Triumph’s troll aside, he’s right. If we can’t re-supply our troops, we need to get them out, or at least move them to somewhere were we can resupply them.

  13. Triumph says:

    Triumph’s troll aside, he’s right. If we can’t re-supply our troops, we need to get them out, or at least move them to somewhere were we can resupply them.

    Dude, its not a “troll.”

    During the election, Hussein used the idea of an Afghan “surge” as a way to tap into American discontent about Bush/Iraq without seeming like a limp-wristed liberal wimp.

    The real questions that need to be addressed are these:

    1) What are our objectives in Afghanistan?
    2) What is the the most effective and efficient way of achieving those objectives?

    The “surge” was a cynical campaign ploy that was concocted without an actual analysis of the strategic imperative as it relates to Afghanistan.

    An honest reckoning with the aforementioned questions would yield a much different response than the insanity that Hussein is pushing now.

    This is shaping up to be a rerun of LBJ & Nam.

  14. Grewgills says:

    You be the general. Figure out how many soldiers you want to supply in Afghanistan. A reasonable working figure for supply seems to be about 50 kg. per soldier per day (it may be more).

    How do you come by that number? I just talked to a friend that was in supply and that number seemed quite high to him as well.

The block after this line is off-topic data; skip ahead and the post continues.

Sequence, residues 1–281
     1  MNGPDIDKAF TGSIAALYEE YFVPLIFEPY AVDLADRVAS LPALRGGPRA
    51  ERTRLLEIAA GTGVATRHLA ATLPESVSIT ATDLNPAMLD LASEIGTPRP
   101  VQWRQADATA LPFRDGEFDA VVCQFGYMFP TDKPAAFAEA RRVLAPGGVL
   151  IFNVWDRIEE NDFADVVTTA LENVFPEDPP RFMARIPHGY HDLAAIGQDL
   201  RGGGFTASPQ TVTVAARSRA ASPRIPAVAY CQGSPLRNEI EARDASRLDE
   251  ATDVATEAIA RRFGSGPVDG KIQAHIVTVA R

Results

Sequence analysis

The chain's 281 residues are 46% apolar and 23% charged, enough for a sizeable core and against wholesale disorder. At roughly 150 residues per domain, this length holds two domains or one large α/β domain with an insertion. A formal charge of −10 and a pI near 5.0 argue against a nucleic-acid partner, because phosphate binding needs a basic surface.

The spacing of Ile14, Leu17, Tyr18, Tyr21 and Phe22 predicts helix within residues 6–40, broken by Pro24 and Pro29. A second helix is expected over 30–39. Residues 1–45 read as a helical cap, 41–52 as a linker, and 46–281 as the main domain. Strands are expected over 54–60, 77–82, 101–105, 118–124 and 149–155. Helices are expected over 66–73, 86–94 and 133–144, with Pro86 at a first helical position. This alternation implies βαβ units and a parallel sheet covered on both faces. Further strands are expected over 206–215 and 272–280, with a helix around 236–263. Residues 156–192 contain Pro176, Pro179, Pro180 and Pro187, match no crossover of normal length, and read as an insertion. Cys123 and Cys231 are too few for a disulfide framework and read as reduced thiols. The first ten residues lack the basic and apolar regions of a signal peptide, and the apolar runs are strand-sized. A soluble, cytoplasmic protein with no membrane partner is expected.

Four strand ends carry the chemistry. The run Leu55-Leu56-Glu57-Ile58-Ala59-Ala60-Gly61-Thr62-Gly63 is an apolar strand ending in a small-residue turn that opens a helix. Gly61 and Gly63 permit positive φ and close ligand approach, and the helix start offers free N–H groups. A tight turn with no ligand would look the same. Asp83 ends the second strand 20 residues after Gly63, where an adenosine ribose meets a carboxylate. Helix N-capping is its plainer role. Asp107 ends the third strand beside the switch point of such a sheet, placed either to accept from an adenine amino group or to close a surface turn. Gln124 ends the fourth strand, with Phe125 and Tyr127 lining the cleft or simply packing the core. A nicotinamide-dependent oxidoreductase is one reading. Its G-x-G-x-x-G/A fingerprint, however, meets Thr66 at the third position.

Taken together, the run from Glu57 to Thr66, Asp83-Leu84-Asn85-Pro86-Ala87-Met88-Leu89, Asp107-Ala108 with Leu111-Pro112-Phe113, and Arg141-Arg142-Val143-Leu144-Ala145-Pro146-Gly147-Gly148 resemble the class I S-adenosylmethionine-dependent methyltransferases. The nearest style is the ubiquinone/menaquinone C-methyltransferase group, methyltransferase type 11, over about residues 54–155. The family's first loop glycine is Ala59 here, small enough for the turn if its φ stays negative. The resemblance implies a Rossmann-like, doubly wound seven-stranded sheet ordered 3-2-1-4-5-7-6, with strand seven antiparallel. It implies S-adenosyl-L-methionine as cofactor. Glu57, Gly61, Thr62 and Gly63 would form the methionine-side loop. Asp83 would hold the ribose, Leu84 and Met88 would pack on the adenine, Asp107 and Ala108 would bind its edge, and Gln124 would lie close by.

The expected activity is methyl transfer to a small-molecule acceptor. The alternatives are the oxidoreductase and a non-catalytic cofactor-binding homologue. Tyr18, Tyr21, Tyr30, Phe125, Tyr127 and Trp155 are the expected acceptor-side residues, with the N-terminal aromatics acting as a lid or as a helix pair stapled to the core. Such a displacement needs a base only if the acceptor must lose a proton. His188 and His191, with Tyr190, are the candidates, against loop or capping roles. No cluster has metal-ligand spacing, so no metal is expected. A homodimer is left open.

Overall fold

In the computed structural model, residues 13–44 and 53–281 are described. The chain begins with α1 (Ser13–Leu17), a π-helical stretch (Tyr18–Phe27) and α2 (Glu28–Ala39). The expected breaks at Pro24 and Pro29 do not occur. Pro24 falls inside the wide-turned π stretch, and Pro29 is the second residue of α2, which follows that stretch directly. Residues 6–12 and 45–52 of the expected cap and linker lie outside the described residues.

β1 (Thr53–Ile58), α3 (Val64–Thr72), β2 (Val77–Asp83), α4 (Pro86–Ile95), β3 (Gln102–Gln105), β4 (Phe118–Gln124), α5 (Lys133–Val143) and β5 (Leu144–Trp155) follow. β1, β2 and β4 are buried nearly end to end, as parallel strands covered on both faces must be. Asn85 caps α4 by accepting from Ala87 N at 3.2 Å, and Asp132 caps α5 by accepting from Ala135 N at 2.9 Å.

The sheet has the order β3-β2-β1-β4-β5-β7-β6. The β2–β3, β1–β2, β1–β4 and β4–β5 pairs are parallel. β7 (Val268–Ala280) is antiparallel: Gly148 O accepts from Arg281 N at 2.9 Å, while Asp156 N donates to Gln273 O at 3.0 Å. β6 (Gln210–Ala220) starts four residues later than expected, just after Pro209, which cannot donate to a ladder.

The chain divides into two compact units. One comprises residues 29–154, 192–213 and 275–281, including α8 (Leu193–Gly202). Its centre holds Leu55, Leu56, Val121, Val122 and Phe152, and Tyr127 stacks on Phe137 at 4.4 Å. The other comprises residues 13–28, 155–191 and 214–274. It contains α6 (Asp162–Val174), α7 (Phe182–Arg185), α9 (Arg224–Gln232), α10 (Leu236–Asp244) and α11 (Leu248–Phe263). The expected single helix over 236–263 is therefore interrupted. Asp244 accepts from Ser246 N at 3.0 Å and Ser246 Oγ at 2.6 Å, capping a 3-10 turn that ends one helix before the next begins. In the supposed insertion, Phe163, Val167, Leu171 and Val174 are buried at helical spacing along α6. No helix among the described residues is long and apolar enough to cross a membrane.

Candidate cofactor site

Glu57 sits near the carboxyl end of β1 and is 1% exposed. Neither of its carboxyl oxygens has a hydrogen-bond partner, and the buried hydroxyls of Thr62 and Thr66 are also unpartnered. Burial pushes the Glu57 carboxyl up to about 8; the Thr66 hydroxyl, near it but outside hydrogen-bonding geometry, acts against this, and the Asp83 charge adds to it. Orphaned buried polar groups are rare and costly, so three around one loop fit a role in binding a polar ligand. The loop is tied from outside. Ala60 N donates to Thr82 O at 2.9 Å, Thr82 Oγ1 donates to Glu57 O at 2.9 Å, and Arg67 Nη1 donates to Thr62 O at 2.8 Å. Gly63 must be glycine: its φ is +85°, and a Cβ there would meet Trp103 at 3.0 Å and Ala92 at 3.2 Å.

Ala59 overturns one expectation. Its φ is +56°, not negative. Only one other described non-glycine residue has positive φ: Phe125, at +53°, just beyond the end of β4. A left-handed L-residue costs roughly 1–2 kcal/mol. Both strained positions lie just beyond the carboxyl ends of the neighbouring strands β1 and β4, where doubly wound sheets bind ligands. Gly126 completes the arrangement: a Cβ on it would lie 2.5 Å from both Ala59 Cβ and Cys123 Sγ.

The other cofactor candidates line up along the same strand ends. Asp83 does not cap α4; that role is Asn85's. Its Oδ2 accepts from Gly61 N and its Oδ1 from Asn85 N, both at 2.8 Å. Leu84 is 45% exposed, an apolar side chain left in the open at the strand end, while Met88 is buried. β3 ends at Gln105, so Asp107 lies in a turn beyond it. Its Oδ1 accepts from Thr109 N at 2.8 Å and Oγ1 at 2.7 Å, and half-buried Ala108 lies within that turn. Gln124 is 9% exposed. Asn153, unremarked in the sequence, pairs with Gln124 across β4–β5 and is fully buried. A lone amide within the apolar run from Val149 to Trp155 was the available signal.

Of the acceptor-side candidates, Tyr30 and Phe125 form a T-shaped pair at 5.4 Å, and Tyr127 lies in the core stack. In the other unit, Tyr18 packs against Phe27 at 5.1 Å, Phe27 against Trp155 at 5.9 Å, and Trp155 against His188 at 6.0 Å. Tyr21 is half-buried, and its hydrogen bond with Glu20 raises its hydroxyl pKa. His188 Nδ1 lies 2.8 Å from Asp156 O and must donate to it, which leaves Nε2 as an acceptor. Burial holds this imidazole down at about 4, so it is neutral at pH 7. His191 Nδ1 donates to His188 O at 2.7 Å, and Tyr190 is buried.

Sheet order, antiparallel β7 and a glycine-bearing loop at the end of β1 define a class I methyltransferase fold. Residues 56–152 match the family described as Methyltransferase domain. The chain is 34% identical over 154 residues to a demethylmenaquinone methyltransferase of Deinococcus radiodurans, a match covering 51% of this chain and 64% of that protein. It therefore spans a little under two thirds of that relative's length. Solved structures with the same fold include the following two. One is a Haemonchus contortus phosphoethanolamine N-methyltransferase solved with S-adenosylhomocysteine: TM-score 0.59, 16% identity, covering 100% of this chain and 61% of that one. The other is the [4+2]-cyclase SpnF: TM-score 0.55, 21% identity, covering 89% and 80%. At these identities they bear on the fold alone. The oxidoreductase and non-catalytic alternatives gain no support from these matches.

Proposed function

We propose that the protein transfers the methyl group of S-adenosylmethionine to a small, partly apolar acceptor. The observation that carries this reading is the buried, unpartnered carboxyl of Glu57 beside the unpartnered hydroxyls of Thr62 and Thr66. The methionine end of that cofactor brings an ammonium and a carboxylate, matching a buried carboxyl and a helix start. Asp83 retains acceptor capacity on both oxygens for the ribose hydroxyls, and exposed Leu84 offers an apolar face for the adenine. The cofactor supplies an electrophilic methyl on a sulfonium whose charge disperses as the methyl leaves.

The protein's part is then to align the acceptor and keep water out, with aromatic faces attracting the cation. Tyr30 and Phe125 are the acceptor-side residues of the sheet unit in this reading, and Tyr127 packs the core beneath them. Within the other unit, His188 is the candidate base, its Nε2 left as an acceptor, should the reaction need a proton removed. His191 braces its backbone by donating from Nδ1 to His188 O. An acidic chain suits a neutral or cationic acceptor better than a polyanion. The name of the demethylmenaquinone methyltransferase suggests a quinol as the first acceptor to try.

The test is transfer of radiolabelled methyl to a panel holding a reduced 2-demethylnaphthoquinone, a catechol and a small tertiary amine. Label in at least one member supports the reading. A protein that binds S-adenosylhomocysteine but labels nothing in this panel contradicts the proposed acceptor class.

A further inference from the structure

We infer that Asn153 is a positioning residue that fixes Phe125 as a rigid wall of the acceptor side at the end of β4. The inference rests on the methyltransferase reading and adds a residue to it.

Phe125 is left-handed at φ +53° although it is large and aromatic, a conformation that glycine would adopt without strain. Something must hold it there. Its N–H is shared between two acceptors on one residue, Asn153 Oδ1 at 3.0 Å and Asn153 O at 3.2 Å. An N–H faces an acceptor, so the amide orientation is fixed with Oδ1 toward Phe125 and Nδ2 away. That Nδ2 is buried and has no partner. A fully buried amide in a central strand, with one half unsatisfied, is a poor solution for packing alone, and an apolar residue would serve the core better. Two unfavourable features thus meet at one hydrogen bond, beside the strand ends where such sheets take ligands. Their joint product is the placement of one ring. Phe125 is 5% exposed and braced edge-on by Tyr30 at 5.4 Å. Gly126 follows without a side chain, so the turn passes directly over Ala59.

You need in the range of 30-35 pounds (~4 gallons) of water per day per man, but you should be able to get at least some of that locally.
    Assuming the average soldier goes through ~200 rounds a day (it is probably lower), that would be a bit over 5lbs.
    A typical MRE is about a pound. Call it 5lbs a day in food that has to be shipped in.
    Various replacement parts and gas do add up, but 110lbs a day per person seems really high.

    The problem is real, but I think the scale is less than stated here.

  15. markm says:

    You need in the range of 30-35 pounds (~4 gallons) of water per day per man

    Are you talking strictly potable water for drinking or does that include hygene, etc.?. I make a lot of water related support products for the military and while they are thrifty with their use of water 4 gallons/day/soldier seems way low. These units:
    http://www.af.mil/news/story.asp?storyID=123011649
    (which is the latest and greatest base configuration)include shower units, latrine units as well as laundry cleaning to go along with water heaters and water purifiers and a kitchen. Boots on the ground use a lot of everything but in hot locations they really use a lot of potable water and water in general.